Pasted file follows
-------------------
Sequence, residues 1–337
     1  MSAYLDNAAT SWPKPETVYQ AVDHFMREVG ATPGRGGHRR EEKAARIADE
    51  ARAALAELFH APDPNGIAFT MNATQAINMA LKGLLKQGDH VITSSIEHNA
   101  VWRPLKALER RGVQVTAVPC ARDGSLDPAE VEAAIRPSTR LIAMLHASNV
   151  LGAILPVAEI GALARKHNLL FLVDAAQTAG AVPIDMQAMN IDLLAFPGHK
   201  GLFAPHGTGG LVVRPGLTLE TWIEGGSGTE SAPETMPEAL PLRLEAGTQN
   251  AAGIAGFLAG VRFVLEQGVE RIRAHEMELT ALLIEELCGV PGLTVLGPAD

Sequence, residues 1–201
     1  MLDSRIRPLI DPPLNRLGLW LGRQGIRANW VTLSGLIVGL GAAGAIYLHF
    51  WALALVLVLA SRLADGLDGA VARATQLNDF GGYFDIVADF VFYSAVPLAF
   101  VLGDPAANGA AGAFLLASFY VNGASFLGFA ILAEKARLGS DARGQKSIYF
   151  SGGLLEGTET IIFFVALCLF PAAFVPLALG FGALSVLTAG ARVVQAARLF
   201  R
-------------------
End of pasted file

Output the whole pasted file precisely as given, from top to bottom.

Sequence, residues 1–337
     1  MSAYLDNAAT SWPKPETVYQ AVDHFMREVG ATPGRGGHRR EEKAARIADE
    51  ARAALAELFH APDPNGIAFT MNATQAINMA LKGLLKQGDH VITSSIEHNA
   101  VWRPLKALER RGVQVTAVPC ARDGSLDPAE VEAAIRPSTR LIAMLHASNV
   151  LGAILPVAEI GALARKHNLL FLVDAAQTAG AVPIDMQAMN IDLLAFPGHK
   201  GLFAPHGTGG LVVRPGLTLE TWIEGGSGTE SAPETMPEAL PLRLEAGTQN
   251  AAGIAGFLAG VRFVLEQGVE RIRAHEMELT ALLIEELCGV PGLTVLGPAD

Sequence, residues 1–201
     1  MLDSRIRPLI DPPLNRLGLW LGRQGIRANW VTLSGLIVGL GAAGAIYLHF
    51  WALALVLVLA SRLADGLDGA VARATQLNDF GGYFDIVADF VFYSAVPLAF
   101  VLGDPAANGA AGAFLLASFY VNGASFLGFA ILAEKARLGS DARGQKSIYF
   151  SGGLLEGTET IIFFVALCLF PAAFVPLALG FGALSVLTAG ARVVQAARLF
   201  R